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Book

Book Design by Marcus Kiser

Book Design by Marcus Kiser

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In this comprehensive history, Dr. Farmer examines black women's political, social, and cultural engagement with Black Power ideals and organizations.

Complicating the assumption that race and gender constraints relegated black women to the margins of the movement, Dr. Farmer demonstrates how female activists fought for more inclusive understandings of Black Power and social justice by developing new ideas about black womanhood. This compelling book shows how the new tropes of womanhood that they created--the "Militant Black Domestic," the "Revolutionary Black Woman," and the "Third World Woman," for instance–spurred debate among activists over the centrality of gender to Black Power ideologies, ultimately causing many of the era's organizations and collectives to adopt a more radical critique of patriarchy.

Making use of a vast and untapped array of black women's artwork, political cartoons, manifestos, and political essays that they produced as members of groups such as the Black Panther Party and the Congress of African People, Dr. Farmer reveals how black women activists reimagined black womanhood, challenged sexism, and redefined the meaning of race, gender, and identity in American life.

Remaking Black Power: How Black Women Transformed an Era. Copyright © 2017 by Ashley D. Farmer. Used by permission of the University of North Carolina Press.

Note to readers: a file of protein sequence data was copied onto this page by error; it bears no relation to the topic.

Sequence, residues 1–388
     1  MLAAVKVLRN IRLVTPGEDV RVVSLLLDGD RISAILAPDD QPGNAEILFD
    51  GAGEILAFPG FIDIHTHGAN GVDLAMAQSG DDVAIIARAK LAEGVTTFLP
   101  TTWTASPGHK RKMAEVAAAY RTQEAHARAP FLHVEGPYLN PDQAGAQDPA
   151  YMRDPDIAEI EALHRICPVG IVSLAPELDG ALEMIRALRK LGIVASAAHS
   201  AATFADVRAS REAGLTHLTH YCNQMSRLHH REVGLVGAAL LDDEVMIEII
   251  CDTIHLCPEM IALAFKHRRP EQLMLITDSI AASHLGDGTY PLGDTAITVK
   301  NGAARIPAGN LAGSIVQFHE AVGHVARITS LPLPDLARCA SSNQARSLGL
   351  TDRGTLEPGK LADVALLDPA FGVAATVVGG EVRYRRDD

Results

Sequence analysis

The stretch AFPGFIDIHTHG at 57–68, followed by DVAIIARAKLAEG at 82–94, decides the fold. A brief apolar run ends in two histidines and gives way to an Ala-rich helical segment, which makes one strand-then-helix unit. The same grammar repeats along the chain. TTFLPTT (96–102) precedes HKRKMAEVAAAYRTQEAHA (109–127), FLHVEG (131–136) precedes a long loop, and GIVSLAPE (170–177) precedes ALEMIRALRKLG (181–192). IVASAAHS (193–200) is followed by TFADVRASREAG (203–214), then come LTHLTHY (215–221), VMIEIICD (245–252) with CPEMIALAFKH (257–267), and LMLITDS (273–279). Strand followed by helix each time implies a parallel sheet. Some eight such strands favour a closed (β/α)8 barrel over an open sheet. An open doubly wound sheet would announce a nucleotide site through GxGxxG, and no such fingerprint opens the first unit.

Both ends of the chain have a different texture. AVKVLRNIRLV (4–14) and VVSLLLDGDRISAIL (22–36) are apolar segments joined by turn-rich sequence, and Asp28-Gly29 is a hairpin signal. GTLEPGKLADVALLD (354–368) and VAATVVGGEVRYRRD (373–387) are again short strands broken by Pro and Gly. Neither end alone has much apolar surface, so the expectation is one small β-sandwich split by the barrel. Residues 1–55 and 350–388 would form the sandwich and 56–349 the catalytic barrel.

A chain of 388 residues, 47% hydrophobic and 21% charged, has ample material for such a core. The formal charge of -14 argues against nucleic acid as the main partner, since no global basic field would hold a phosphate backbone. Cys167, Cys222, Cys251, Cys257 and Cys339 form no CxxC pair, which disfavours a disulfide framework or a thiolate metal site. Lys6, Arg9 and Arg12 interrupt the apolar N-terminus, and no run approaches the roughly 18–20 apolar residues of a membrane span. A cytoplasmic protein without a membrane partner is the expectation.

Remaking Black Power is an indispensable triumph. Painstakingly researched, artfully organized, crisply argued, utterly insightful, Ashley Farmer has remade Black Power scholarship like the black women she chronicles. This book unveils and dissects what has been hidden from the Black Power–era for far too long: the black woman as theorist.”
— Ibram X. Kendi, National Book Award-winning author of Stamped from the Beginning
“Farmer’s astute reading of visuals and print culture produced by black women not only resets the chronological clock of the Black Power era but also shifts our gaze from the well-worn paternalistic utterings of male leaders to women who imagined empowerment on their own terms by developing ideologies, rituals, and texts that redefined who they were and, in some cases, who they wanted to be.”
— Ula Yvette Taylor, author of The Promise of Patriarchy
“This is one of the most sophisticated, nuanced, and analytically rigorous explorations of Black Power that I have had the pleasure to read. No other study on the subject is this substantively focused and theoretically sharp.”
— Jeffrey O.G. Ogabar, University of Conneticut